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Take A Dive: How To Stay Safe When You're An Underwater Welder

If you've decided to take your welding to the next level, and become an underwater welder, you're going to be entering a whole new world. Underwater welding isn't as dangerous as some people believe, but it does require you to pay close attention to safety precautions. You might think that large sharks would be your biggest worry when welding underwater, but that's not actually the case. While the bright lights of the arc do tend to attract fish, they usually won't attack you, especially if you don't make any sudden moves towards them. Now that you're going into underwater welding, here are three tips that will help keep you safe while you're at work.

Always Wear the Proper Gear

When it comes to underwater welding, the most crucial safety tip you can follow is to always wear the proper gear. Being equipped with the proper gear can help you avoid electrical shock risks both above and below the water. You might not realize this, but you're at a bigger risk for electrical shock while you're out of the water than while you're in it. To reduce that risk you should always wear a rubber suit and gloves. It's also important that you have the right gauntlets around your wrists and that they fit properly. The gauntlets will help keep slag from getting into your gloves and burning you. Before you begin work, it's also important that you inspect your power cables and other stud welding products to ensure that they're not damaged, and that they're properly insulated against water leakage.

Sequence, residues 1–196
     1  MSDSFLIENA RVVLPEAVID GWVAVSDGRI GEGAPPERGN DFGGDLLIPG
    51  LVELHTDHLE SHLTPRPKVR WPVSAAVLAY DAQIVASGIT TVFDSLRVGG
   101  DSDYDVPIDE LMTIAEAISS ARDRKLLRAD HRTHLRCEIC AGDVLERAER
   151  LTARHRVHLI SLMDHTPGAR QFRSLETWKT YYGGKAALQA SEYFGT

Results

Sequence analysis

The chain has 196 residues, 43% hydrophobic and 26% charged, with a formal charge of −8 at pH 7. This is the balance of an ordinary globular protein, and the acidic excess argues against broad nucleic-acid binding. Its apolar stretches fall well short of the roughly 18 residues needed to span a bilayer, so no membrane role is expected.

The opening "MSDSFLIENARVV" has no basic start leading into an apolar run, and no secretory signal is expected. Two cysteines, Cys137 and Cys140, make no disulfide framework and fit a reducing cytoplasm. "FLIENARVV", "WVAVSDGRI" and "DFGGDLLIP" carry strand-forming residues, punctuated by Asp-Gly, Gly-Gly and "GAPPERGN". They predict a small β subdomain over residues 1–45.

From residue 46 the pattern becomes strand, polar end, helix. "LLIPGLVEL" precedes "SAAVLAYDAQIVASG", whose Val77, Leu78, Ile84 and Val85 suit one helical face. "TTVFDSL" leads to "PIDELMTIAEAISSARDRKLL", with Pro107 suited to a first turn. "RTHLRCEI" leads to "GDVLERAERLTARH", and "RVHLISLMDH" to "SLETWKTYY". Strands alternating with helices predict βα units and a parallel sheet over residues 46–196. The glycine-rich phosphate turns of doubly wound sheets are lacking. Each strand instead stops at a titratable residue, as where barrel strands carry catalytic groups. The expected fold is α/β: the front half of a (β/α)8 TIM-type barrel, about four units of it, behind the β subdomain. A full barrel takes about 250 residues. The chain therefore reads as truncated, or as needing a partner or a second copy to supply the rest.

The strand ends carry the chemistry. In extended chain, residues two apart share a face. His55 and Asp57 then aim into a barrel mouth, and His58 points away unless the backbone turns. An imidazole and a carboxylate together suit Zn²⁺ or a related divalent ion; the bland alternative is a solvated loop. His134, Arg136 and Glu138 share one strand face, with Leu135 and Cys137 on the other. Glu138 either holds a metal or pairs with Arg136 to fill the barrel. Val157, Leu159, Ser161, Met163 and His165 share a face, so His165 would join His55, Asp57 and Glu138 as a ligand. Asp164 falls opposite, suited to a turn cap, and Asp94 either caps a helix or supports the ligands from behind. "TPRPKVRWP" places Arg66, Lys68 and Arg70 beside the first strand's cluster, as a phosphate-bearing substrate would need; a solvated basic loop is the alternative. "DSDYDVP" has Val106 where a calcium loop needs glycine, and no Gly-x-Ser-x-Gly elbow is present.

Take Care to Avoid Explosions

Like surface welding, underwater welding emits gases, which can be highly explosive. When you're welding underwater, it's crucial that you take precautions to avoid explosions. If you hear popping while you're welding underwater, you should stop what you're doing, and look for the leak in your hoses. The popping is a sure sign that you've got a leak in one of the hoses. To reduce the risk of explosions, always start from the highest point and work down towards the lowest point.

Understand Decompression Sickness

When conducting underwater welding, you need to be aware of the risks surrounding decompression sickness. This should be a serious concern for any underwater welder. Pay close attention for signs of decompression sickness, which can include a dull pain in areas of your body such as your lungs, brain, joints, and ears. It can also involve a sudden sense of itching all over your body. If you develop any of those symptoms, you should carefully make your way to the surface. To avoid decompression sickness, always stay hydrated, avoid consuming alcohol prior to a dive, and never ascend too quickly from a deep dive.